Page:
Police are to begin using an ultra-powerful video microscope originally developed for industrial inspection to help them spot vital forensic evidence.
The device, called the Microviper, was adapted for use by scenes of crime officers (SOCOs) by inspection and measurement equipment specialist PW Allen.
Police in the company’s home county of Gloucestershire have ordered six Microvipers, and PW Allen confirmed it was in discussions with several other forces around the UK.
The briefcase-sized unit provides magnification of up to x1,000, allowing officers to detect evidence such as hairs and fibres that might otherwise remain invisible. It can also spot microscopic semen or blood stains that could be used for DNA profiling, but which are extremely difficult for SOCOs to find.
Martin Lawrance, PW Allen’s development manager, said the Microviper was originally designed as a bench-top industrial inspection product. It is used in quality-assurance laboratories or at the end of production lines to identify invisible flaws in materials.
‘We believed there was a market for a portable version, but at that stage were still purely focused on industrial applications,’ said Lawrance.
However, PW Allen had worked with Gloucestershire police on other projects and the potential of the Microviper as a forensic examination tool ‘gradually crept up on us’, said Lawrance.
To capture its images, Microviper uses a flexible fibre-optic cable fitted with one of a range of specially designed lenses that can deliver magnification of between x20 and x1,000.
The cable, which can be used to poke around behind furniture and in other hard-to-reach places, illuminates the area under investigation with high intensity light from a metal halide arc lamp.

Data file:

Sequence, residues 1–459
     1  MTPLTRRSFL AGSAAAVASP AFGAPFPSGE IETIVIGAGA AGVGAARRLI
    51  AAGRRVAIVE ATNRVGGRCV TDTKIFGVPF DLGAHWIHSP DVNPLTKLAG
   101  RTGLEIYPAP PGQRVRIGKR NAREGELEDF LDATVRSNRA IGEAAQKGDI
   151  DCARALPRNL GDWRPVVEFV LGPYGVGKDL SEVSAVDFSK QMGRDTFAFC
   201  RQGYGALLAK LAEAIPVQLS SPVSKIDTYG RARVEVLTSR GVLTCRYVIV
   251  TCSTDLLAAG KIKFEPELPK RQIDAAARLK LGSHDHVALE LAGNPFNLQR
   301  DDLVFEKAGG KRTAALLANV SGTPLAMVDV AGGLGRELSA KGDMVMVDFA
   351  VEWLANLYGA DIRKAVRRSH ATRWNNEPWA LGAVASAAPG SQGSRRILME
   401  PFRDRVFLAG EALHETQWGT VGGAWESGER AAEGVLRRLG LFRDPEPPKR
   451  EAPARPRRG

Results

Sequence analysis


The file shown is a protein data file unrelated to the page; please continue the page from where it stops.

The Microviper then displays the image on its colour screen, allowing the operator to carry out a range of functions such as instant measurement and comparison with stored images.
Creating a portable version of the Microviper required considerable development of the basic product’s technology, said Lawrance. This included modifying the light source to allow it to operate efficiently under battery power and developing an internal computer hard-drive that can store images for transfer to other PCs back at police HQ.
‘We also needed to develop some calibration functionality that allows officers using the device to carry out detailed measurement of what they find,’ said Lawrance.
PW Allen claims the Microviper is the first time that powerful industrial inspection technology has been adapted for law enforcement purposes. The company is also pressing on with its original project of developing portable units suitable for use in industries such as automotive and aerospace.